Interested developers and makers can pre-order the Jetson TX2 Development Kit for $599 with a ship date for US and Europe of March 14 and other regions “in the coming weeks.” If you just want the compute module sans development board, it will be available later this quarter for $399 (in quantities of 1,000 or more). The previous generation Jetson TX1 Development Kit has also received a slight price cut to $499.

Also read:

Source: NVIDIA

Podcast #322 - GTX 980 4-Way SLI, Samsung's EVO Performance Fix, Intel Earnings and more!

Subject: General Tech | October 16, 2014 - 01:16 PM |
Tagged: podcast, video, nvidia, GTX 980, sli, 3-way sli, 4-way sli, amd, R9 290X, Samsung, 840 evo, Intel, corsair, HX1000i, gigabyte, Z97X-UD5H, Lenovo, yoga 3 pro, yoga tablet 2. nexus 9, tegra k1, Denver

PC Perspective Podcast #322 - 10/16/2014

Join us this week as we discuss GTX 980 4-Way SLI, Samsung's EVO Performance Fix, Intel Earnings and more!

You can subscribe to us through iTunes and you can still access it directly through the RSS page HERE.

The URL for the podcast is: http://pcper.com/podcast - Share with your friends!

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Hosts: Ryan Shrout, Josh Walrath, Morry Tietelman

Subscribe to the PC Perspective YouTube Channel for more videos, reviews and podcasts!!

 

Google Nexus 9 Powered by NVIDIA Tegra K1, Denver 64-bit SoC

Subject: Mobile | October 15, 2014 - 01:10 PM |
Tagged: tegra k1, tegra, nvidia, nexus 9, Nexus, google, Denver

Along with the announcement of the Google Nexus 6 phone, Google is also announcing a new tablet, the Nexus 9. Sporting an 8.9-in IPS screen with a 2048x1536 resolution (4:3 standing strong!), a 6700 mAh battery as well as the new Android Lollipop operating system, perhaps the most interesting specification is that it is built around NVIDIA's Tegra K1 SoC. Specifically, the 64-bit version based on the dual-core custom built Denver design, marking that architectures first release in shipping product.

UPDATE: Amazon.com has the Google Nexus 9 up for pre-order in both 16GB and 32GB capacities!

nexus9-1.jpg

Tegra K1 using 64-bit Denver cores are unique in that it marks the first time NVIDIA has not used off-the-shelf cores from ARM in it's SoC designs. We also know, based on Tim's news post on PC Perspective in August, that the architecture is using a 7-way superscalar design and actually runs a custom instruction set that gets translated to ARMv8 in real-time.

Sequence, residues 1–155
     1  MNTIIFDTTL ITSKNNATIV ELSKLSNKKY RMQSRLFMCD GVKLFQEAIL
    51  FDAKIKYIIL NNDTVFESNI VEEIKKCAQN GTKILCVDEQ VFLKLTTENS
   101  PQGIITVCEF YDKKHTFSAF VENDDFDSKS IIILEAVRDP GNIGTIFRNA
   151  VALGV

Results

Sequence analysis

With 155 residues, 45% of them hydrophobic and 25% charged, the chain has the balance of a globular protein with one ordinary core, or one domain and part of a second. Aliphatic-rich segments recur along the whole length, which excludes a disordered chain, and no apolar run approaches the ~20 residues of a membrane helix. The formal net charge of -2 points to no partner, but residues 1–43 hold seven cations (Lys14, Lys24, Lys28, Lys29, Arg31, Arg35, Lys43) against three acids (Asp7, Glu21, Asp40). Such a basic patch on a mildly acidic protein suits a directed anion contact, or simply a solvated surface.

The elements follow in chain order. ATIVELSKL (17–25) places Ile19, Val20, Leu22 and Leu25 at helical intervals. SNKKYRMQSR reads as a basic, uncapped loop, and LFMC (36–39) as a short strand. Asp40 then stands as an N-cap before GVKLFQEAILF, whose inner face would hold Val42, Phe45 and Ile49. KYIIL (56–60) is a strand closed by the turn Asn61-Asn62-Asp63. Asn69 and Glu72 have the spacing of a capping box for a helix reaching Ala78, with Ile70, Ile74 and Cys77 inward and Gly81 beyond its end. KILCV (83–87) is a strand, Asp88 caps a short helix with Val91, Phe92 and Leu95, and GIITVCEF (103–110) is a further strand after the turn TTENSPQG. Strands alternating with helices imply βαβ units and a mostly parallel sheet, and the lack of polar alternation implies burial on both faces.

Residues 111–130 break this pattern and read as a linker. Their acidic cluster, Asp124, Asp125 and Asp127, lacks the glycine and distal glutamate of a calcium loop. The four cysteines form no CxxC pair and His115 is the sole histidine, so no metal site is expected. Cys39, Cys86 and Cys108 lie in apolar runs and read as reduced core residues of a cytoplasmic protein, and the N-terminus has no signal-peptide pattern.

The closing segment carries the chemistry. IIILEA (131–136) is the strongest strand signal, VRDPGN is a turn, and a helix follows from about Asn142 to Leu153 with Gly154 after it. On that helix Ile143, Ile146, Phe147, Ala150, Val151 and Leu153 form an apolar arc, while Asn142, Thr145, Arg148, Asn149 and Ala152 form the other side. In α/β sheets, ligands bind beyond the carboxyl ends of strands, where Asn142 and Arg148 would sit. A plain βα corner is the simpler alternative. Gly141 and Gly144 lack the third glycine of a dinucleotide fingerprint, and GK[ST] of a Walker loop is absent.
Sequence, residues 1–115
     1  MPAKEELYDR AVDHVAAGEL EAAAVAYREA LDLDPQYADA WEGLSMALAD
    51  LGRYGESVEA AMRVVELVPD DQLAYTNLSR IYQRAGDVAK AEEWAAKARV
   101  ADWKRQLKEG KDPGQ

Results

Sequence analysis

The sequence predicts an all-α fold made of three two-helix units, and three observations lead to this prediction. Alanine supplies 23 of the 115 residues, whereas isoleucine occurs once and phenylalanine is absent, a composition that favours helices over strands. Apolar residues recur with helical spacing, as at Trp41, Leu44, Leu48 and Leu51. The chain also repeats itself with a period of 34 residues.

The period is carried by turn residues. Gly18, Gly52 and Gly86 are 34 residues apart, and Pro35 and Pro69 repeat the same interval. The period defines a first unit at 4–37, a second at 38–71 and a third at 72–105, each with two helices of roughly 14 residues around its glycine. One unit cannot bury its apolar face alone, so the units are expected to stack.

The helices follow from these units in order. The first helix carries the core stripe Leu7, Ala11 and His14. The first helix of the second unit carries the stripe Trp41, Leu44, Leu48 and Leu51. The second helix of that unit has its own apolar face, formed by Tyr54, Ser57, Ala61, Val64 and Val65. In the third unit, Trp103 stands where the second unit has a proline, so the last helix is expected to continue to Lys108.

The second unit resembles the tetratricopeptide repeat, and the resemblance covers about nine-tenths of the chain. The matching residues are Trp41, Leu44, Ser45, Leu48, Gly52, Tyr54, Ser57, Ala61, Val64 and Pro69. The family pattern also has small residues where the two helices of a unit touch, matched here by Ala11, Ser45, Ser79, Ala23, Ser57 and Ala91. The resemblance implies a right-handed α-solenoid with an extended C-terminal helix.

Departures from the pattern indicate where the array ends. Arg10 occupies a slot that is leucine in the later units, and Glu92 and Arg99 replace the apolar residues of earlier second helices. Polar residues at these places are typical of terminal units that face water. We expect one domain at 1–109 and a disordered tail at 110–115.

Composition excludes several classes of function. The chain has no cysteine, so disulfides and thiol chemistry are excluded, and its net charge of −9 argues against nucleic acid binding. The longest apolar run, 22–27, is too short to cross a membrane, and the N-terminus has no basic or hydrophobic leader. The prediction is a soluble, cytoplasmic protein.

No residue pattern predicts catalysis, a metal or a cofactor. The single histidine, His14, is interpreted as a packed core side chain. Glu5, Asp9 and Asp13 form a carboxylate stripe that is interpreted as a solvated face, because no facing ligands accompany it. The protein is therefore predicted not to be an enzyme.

A software layer and 128MB cache enhance the Dynamic Code Optimization technology by allowing the processor to examine and optimize the ARM code, convert it to the custom instruction set, and further cache the converted microcode of frequently used applications in a cache (which can be bypassed for infrequently processed code). Using the wider execution engine and Dynamic Code Optimization (which is transparent to ARM developers and does not require updated applications), NVIDIA touts the dual Denver core Tegra K1 as being at least as powerful as the quad and octo-core packing competition.

nexus9-3.jpg

It is great news for NVIDIA that Google is using this version of the Tegra K1 (can we please just get a different name for this version of the chip) as it indicates Google's commitment to the architecture in Android going forward, opening doors for the parts integration with even more devices with other hardware vendors moving forward. 

nexus9-2.jpg

More than likely built by HTC, the Nexus 9 will ship in three different colors (black, white and beige) and has a lot of callbacks to the Nexus 7, one of if not THE most popular Android tablet on the market. The tablet has front-facing speakers which should make it good for headphone-free media consumption when necessary. You'll be able put the Nexus 9 into a working mode easily with a new magnetically attached keyboard dock, similar to the iPad accessories widely available.